P.E.I. fossil footprints could be 290 million years old
Prints may have been made by an amphibian or a reptile, student says
A geology student from Halifax is investigating a set of fossil tracks he found on the South Shore of P.E.I. that may be 290 million years old.
Matt Stimson and Danielle Horne found the prints on a rock on the shore near Belfast Highland Greens golf course. They were looking for fossils along the shore, but never expected to find anything as impressive as what they uncovered.
"We both got very excited, as a paleontologist, you know hollering like a kid in a candy store opening a Christmas present or something," said Stimson.
Stimson says the prints look like they may have been made by an amphibian, or a reptile, or something in between. He estimates the prints were made 290 million years ago.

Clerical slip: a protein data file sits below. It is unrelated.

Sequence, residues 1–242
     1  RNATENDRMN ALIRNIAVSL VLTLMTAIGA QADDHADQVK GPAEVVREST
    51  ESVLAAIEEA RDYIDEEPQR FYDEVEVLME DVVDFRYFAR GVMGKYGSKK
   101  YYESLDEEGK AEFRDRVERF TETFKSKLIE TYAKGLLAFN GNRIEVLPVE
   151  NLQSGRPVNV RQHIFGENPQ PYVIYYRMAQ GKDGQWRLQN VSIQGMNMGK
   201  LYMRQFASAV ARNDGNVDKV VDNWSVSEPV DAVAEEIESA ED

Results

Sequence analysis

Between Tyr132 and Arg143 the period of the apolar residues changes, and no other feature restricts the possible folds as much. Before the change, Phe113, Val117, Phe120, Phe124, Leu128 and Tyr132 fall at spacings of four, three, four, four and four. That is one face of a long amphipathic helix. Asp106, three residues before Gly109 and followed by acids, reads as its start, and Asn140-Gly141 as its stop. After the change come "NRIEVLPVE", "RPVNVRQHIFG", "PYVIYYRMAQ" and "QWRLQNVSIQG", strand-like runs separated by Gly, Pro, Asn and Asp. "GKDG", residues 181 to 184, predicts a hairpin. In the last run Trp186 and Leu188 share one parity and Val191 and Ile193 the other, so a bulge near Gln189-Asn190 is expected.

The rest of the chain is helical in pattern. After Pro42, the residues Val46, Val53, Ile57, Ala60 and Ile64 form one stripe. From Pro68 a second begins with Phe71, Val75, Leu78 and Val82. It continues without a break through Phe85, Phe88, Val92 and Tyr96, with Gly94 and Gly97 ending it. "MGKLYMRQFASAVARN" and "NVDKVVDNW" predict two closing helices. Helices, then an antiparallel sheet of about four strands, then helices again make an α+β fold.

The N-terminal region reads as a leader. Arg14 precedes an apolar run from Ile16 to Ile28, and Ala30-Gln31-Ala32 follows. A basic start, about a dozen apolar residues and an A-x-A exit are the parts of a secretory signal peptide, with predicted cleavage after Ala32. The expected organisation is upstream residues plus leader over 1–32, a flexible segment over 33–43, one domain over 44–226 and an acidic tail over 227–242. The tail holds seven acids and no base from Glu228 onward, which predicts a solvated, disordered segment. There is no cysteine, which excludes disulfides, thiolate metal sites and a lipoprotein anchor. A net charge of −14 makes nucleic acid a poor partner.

Even at that age, these would not be the oldest footprints Stimson has dealt with. Though he is still a student, Stimson has already received credit in a scientific journal for his work on a 315-million-year-old trackway found in Joggins, N.S.
This recent find still needs to be curated and studied in depth before anything can be determined for certain, said Stimson.
Belfast Highland Greens general manager Keir White says prehistoric footprints aren't the usual find along the golf course's shoreline.
"Find lots of golf balls," said White.
"One thing that is unique about this place is they are the highest cliffs on P.E.I. At one point off our course, it's 160 feet (50 metres) high. There's lots of erosion. So that sort of unearths things like this."
This would not be the first trackway of this age found on the Island, but Stimson said this would only be the third documented discovery.
He hopes to research the prints and publish the findings with help from other experts. He is now trying to find out what the provincial rules are about fossils and what can happen with them.